Get the high-quality resources you need, both online and off
We’ve all been there. It’s the middle of a busy term. Last night was parents’ evening. Year 10 assessments are due in. You look in your planner and realise that tomorrow you’re teaching electrolysis to year 11. You’ve not taught the topic before, so have nothing to fall back on. You consult the internet. An abundance of resources appear. But is the internet the best option?
Share resources within the department
There is often a wealth of expertise within departments, but all too often teachers are too busy to have time to share it. Consciously set aside time in the school day to visit communal areas and chat with colleagues. This is the opportunity to informally ask for help with that year 11 lesson on electrolysis. A simple request will most likely be met with a flurry of tried-and-tested ideas. In turn, reciprocate when a colleague is in need.
Joint planning is an excellent way to share resources and develop pedagogical expertise. Avoid the isolation that working alone in teaching rooms can bring and make use of shared workspaces to collaboratively plan a series of lessons.
Many departments will also have a central location on a shared network for sharing resources. It is useful if one person oversees this to ensure the quality and organisation of the materials within it. A well-managed shared resource area is invaluable to a busy department.
Use published resources
If you are lucky, your department will have subscribed to a collection of resources from one of the well-known publishers. These often sit alongside a course textbook or scheme of work. If new to a school, ask what resources are available and ensure you are provided with the necessary login details to access them. Where hard copies of textbooks etc are available, keep a copy to hand wherever you do your planning.
Use social media
Twitter is a fantastic tool that enables you to collaborate with teachers across the country and beyond. Follow hashtags such as #edutwitter to see the latest tagged posts in your home feed. It also provides a medium through which ideas can be tested.
Cloud services such as Google docs and Dropbox allow you to create and share resources quickly and easily. As resources are shared, add them to your bookmarks and revisit them in a moment of need or at a quieter time to digest them fully. Take care though to check the quality of these resources before using them with a class.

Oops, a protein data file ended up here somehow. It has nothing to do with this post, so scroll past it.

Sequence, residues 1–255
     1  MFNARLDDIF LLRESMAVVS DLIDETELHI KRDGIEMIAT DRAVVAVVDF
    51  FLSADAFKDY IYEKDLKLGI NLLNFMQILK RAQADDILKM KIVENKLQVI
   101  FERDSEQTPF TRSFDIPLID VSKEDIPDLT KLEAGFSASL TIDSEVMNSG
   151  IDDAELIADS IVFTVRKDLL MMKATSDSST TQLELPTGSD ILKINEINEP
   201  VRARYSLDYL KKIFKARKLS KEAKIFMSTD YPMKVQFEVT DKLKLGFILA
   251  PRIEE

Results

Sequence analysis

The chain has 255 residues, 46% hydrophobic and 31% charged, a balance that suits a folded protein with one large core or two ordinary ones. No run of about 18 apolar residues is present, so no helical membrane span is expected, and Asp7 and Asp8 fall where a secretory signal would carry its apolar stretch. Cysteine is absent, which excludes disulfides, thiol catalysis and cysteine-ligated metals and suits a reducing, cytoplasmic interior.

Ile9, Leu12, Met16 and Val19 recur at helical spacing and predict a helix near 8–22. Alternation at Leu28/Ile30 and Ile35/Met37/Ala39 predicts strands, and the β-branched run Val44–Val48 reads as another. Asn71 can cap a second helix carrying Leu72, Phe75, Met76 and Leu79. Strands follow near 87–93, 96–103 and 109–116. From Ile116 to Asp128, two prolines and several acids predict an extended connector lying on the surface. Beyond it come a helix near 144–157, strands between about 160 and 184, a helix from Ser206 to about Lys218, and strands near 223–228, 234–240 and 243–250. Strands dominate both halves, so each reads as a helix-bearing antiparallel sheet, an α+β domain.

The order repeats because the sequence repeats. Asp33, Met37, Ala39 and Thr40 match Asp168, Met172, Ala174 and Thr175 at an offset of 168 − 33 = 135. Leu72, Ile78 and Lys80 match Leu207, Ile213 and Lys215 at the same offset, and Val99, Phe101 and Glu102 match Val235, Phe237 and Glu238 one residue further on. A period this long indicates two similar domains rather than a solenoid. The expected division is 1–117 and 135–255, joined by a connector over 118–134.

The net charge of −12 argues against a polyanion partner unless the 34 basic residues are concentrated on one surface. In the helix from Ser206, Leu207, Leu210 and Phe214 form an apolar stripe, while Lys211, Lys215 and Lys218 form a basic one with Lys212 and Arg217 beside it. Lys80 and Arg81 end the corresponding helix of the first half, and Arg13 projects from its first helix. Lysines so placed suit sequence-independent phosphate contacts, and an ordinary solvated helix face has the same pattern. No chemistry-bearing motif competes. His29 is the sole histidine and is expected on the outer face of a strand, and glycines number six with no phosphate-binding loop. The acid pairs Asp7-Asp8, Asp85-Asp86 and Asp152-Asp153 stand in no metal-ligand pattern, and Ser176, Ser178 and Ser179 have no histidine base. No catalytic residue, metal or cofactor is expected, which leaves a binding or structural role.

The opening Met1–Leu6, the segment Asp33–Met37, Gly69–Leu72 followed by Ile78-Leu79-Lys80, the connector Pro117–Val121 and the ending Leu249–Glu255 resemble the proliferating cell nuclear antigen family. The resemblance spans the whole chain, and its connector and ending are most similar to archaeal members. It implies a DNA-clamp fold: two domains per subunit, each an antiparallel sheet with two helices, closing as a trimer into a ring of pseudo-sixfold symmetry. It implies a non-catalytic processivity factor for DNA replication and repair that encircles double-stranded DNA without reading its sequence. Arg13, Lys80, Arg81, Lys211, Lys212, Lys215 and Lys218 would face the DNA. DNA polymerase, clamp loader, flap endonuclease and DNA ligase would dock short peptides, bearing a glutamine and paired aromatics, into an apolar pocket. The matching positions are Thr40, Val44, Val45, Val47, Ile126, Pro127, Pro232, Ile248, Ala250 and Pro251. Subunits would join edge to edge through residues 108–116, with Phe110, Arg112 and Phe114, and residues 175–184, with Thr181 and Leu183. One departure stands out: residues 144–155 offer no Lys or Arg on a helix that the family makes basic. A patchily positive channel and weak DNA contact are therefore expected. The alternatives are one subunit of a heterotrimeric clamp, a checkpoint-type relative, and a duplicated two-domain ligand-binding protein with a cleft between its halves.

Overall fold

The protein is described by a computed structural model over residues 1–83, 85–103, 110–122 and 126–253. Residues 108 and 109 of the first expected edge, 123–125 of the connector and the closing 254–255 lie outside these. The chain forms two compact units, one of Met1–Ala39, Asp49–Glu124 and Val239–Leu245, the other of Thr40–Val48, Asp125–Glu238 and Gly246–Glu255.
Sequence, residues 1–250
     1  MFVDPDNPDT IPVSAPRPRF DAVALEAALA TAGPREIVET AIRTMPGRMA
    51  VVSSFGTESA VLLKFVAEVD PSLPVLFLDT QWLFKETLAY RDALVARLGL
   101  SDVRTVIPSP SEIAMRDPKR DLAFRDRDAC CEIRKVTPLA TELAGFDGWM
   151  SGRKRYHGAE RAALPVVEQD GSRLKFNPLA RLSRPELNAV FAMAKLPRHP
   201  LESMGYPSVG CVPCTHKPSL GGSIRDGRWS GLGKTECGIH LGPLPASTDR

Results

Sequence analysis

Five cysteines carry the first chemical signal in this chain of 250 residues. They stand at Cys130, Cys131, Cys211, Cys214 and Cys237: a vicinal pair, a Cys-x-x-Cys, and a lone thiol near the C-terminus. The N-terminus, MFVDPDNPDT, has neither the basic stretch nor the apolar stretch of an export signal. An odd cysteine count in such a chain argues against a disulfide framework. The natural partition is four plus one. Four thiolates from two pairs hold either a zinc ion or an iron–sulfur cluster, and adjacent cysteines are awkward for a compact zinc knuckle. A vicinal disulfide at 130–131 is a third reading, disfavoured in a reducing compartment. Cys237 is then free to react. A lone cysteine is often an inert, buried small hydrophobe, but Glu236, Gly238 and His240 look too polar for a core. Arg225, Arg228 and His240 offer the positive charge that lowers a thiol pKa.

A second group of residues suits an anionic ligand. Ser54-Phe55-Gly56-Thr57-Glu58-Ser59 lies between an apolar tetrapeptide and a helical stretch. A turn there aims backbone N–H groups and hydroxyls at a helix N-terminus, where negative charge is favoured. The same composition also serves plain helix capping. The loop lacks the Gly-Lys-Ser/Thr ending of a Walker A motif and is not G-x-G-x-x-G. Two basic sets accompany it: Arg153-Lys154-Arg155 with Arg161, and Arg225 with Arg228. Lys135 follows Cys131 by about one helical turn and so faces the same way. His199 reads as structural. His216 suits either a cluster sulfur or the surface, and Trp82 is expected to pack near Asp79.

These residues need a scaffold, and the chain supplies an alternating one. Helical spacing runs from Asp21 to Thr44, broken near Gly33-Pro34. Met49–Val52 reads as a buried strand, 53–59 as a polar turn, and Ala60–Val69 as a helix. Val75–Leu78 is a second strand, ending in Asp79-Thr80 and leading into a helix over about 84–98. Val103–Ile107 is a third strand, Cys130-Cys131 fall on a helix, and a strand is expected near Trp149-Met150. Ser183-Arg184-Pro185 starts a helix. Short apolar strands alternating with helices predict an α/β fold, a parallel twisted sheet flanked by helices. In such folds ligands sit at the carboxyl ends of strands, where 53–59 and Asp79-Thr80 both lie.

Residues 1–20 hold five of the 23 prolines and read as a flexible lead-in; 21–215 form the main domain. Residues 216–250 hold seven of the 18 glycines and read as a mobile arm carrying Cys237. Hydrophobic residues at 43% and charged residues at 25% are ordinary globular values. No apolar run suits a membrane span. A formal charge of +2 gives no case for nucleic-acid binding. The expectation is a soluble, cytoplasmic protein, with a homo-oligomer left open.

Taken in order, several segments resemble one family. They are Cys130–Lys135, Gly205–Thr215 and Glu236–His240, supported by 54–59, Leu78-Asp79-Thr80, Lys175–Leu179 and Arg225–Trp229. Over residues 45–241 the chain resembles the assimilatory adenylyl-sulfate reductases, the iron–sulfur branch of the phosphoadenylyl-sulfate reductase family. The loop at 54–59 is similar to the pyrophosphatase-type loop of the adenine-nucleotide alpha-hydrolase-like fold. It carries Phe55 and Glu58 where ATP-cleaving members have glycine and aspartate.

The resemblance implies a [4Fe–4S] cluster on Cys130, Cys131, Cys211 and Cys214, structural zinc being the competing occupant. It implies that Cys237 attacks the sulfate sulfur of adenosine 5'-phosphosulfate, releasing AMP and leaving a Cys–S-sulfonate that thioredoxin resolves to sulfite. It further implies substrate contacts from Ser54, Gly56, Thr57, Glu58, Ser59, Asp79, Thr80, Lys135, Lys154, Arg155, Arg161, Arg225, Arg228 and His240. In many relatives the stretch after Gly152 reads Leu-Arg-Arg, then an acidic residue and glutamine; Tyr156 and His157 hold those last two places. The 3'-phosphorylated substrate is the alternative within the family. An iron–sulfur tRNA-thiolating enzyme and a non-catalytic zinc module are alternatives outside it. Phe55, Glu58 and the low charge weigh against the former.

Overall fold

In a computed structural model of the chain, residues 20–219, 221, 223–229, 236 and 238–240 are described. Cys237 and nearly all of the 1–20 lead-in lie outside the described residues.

Consult the internet, but use trusted websites
A number of professional organisations such as the RSC, IoP, RSB and STEM learning have dedicated websites containing thousands of teaching resources. The resources on these websites have the benefit that they have been checked for accuracy and extensive collections have been built up over time.
The RSC’s Teach Chemistry enables colleagues within a single school to link to the same account on the RSC education website. Encourage colleagues to bookmark resources on their personal accounts and share them with others in the department to build up a collection specific to your school.
The Best evidence science teaching (BEST) collection is a collection of research evidence-informed resources for the effective teaching of 11–14 science. Resources are grouped into teaching topics within 15 big ideas across the three sciences and contain both diagnostic questions and response activities.
Don’t forget the good old-fashioned textbook
The value of a good quality textbook as a resource cannot be overlooked. Look for ones with plenty of worked examples to help you with explanations, as well as lots of exercises for students to apply their learning and test their understanding. More experienced teachers within your department will be more than happy to share their favourites.
A word of warning …
As a profession, the free sharing of resources is one of our greatest strengths. However, a good resource cannot replace teacher subject knowledge. The resources used to deliver the content of a lesson are just the tip of the iceberg. Underpinning the lesson is an understanding of the prior learning students need to access the content, the misconceptions students might bring to the lesson, the necessary pedagogy to be able to explain key concepts clearly and an understanding of where the learning leads. Although important, the resource is just one part of a much bigger picture.